It's also critical for you to understand logistical matters, like how much an individual retailer charges for slotting fees for shelf space at its store. This is particularly important for smaller, emerging businesses that are looking to increase their brand awareness, as these companies often have a hard time paying slotting fees. Going into a pitch, you need a strategy that will convince retailers to put your product on their shelves while staying within your marketing budget. If slotting fees are too expensive to get your product in every store, a savvy tactic is to suggest putting your product through a trial run at a few stores to see how it sells.
Until you have established more brand awareness, you might consider only pitching to retailers that do not require slotting fees for shelf space. Perhaps surprisingly, many big-name retailers such as Wal-Mart, Costco, Whole Foods and BJ's Wholesale don't charge slotting fees, according to Vox. This gives fledgling brands a chance to attract the consumers of larger retailers throughout the country. By demonstrating your knowledge of a retailer's consumers and general marketing strategy, you can make an impression during your pitch and significantly increase your chances of getting into a store.
Help Stores Reach Their Goals
Instead of making a sales pitch only about your product, you should position yourself as a potential teammate to retailers. To do this, you need to familiarize yourself with a business' short-term and long-term goals, and this tactic can go well beyond making a profit. For example, retailers might be looking to expand their offering of healthy or local food options, so marketing your product as a way for retailers to achieve that goal would serve you well during a pitch. It's also smart to bring marketing strategies for your product to the table so retailers have a better idea of how to ensure your product will fly off the shelf.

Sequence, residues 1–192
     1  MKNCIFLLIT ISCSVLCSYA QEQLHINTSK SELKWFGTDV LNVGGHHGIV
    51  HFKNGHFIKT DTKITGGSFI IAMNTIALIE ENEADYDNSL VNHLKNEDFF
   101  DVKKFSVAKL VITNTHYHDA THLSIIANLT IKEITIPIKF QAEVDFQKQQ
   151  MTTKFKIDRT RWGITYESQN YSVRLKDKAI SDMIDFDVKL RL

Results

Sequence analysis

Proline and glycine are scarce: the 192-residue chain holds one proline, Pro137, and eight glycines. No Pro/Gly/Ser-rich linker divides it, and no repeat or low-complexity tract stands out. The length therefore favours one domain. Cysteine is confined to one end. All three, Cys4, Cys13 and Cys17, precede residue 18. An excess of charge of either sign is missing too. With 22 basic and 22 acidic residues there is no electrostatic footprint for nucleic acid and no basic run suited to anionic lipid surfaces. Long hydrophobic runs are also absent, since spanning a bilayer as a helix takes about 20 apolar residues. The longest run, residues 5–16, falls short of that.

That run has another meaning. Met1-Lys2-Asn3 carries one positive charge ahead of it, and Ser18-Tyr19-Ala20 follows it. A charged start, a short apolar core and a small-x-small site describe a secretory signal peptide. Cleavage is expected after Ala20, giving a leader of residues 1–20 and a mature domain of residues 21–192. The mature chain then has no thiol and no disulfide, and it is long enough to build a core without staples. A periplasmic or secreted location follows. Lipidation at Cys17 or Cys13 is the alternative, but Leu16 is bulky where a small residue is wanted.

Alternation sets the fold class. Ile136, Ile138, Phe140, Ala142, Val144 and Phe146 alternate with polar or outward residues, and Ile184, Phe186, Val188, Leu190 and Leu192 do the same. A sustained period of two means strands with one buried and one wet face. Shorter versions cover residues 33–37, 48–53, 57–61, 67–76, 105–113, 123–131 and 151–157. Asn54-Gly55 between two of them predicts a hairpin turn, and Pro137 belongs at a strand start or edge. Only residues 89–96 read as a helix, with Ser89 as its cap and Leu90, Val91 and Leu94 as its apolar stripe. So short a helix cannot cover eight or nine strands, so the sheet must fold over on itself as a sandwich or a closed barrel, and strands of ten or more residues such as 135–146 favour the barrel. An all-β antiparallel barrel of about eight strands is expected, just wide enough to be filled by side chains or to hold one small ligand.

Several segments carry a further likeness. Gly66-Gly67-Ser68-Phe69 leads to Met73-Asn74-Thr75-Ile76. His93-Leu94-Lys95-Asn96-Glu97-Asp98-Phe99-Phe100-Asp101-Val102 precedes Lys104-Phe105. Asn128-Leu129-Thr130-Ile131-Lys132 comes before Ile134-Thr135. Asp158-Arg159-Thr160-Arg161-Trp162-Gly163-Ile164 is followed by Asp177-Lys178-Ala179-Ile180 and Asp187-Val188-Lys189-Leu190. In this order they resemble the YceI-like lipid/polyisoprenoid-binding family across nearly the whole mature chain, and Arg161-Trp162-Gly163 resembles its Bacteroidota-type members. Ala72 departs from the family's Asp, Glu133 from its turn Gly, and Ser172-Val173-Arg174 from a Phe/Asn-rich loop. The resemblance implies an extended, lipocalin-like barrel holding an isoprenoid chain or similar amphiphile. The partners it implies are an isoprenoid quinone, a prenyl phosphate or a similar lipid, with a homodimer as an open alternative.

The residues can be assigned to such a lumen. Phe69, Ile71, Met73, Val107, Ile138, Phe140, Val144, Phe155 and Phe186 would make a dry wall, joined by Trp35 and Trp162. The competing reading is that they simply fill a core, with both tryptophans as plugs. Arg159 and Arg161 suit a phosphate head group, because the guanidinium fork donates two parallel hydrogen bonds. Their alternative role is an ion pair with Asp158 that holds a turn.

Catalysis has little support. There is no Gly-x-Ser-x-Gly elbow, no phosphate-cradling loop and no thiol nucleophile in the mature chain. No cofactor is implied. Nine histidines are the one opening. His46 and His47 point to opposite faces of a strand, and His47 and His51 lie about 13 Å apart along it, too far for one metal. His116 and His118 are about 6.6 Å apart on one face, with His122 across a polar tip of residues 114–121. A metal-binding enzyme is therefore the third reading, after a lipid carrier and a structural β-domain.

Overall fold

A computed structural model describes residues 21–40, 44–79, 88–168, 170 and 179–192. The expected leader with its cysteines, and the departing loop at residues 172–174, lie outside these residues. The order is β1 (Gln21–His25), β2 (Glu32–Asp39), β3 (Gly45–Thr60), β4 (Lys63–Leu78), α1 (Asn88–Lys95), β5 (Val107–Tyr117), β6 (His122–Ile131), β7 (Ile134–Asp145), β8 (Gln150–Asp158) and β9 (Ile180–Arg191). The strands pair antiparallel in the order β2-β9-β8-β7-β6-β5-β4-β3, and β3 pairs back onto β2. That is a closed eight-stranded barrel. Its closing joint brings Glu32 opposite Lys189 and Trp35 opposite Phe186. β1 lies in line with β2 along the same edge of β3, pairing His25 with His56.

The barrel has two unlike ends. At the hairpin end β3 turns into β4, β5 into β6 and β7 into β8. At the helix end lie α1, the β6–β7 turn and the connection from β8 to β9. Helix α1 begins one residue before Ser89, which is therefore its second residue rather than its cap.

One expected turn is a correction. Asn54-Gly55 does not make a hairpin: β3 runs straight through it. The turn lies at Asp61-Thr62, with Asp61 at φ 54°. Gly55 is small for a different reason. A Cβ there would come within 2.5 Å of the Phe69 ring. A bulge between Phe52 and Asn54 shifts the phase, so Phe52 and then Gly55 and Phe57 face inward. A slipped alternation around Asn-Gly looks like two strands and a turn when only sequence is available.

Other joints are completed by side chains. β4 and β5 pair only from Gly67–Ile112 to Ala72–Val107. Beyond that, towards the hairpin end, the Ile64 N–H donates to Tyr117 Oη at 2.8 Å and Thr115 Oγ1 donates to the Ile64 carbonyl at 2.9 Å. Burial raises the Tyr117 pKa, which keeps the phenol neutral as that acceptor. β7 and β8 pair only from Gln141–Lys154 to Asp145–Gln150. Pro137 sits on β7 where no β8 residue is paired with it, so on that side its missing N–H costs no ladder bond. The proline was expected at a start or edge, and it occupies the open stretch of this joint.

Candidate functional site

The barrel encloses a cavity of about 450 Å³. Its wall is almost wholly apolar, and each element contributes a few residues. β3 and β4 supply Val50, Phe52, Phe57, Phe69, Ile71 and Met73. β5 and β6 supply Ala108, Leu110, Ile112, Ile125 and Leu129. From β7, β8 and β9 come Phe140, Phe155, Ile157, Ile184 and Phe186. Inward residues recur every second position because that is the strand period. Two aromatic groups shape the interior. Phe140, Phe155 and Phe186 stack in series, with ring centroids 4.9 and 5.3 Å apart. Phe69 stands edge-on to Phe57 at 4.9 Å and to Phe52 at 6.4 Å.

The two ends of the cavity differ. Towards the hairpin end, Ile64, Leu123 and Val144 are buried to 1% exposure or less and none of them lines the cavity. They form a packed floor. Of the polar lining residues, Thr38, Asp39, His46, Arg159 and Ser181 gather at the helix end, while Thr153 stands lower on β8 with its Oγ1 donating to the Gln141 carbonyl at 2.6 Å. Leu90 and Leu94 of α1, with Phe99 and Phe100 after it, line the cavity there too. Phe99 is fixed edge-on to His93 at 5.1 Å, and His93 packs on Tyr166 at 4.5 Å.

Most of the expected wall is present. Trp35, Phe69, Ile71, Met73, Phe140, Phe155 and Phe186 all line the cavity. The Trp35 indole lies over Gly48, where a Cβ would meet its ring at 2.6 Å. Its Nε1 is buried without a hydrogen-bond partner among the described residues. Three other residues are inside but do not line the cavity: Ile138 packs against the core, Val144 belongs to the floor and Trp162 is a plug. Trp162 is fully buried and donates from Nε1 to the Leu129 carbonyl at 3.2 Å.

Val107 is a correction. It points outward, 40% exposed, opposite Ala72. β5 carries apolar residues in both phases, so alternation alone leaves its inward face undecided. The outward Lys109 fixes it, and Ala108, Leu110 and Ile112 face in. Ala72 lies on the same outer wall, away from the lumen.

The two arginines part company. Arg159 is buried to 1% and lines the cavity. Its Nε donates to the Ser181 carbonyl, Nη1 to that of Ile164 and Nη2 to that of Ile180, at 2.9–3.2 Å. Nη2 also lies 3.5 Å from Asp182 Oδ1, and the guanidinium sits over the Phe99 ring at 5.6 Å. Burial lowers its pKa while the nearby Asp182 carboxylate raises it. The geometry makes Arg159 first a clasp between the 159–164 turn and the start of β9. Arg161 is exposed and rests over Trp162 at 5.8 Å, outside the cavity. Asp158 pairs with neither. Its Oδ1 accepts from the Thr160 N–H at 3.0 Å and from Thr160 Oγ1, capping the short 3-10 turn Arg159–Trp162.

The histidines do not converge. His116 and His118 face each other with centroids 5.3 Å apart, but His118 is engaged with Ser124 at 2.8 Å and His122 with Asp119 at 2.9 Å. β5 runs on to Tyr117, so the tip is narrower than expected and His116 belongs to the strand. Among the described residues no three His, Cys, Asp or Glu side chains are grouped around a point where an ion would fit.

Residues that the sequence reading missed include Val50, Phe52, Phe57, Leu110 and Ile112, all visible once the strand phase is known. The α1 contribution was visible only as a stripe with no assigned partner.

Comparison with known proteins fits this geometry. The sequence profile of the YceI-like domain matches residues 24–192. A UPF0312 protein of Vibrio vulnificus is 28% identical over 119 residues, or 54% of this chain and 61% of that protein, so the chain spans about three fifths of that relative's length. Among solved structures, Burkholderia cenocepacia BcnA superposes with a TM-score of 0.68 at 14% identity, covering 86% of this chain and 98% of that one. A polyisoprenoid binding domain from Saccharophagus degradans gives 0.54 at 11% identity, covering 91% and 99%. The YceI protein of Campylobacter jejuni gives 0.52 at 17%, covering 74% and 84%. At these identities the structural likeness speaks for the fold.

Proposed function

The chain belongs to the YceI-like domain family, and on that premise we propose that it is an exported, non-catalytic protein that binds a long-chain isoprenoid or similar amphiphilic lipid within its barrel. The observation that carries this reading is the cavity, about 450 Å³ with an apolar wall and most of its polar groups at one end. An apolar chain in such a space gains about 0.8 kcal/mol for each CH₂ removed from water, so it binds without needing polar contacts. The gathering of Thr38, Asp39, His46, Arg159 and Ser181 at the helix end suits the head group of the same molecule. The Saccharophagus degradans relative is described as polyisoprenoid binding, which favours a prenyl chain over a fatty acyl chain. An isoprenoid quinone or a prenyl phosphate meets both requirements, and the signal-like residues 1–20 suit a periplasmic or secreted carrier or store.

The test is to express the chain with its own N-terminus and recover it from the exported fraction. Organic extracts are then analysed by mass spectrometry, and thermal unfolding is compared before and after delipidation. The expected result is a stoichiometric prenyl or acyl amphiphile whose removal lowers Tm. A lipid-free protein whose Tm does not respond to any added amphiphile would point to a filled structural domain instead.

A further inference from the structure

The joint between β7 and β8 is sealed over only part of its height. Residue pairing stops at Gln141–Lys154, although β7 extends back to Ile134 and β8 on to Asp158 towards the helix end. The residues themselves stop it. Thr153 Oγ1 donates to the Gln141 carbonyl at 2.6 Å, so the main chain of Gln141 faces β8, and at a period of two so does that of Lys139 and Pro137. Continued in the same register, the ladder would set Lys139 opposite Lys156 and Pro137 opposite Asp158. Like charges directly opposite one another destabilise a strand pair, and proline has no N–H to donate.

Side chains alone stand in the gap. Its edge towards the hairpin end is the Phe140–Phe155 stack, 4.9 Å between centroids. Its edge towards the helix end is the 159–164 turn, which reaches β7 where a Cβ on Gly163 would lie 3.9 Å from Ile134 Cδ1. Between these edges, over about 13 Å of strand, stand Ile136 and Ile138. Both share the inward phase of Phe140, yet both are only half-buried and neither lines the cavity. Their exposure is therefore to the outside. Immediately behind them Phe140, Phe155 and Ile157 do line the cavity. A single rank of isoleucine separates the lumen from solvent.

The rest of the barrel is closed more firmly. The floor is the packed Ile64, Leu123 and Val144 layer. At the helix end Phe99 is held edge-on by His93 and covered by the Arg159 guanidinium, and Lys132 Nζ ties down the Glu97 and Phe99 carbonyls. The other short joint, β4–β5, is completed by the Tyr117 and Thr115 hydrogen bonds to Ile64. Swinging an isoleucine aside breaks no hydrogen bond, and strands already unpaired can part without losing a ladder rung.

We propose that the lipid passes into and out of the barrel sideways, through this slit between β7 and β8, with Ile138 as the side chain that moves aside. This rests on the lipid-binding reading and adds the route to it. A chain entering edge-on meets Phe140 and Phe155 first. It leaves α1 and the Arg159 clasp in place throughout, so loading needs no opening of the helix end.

You should consider how your product could be cross merchandised with other inventory, mock up interesting merchandising displays, and flesh out an advertising strategy before your pitch meeting so retailers are able to see the full potential of having your product in their stores. The more they see you as a partner who wants to work with them, the better your chances are of securing some of the coveted shelf space in one of their retail aisles.
It's critical to keep these strategies in mind while devising your retail pitches. If you follow these guidelines, you'll have the opportunity to position your brand ahead of the competition as you see your products picked up in more and more stores.
Frank Brogie is the Product Marketing Manager at Repsly. When he’s not thinking about how to position and sell Repsly’s products, Frank loves to explore Boston by bike and hunt for vintage cars through a camera lens. On weekends you can count on Frank to organize a pickup basketball game or play disc golf. An avid podcast listener, Frank recommends Philosophize This, 99% Invisible, and Radiolab.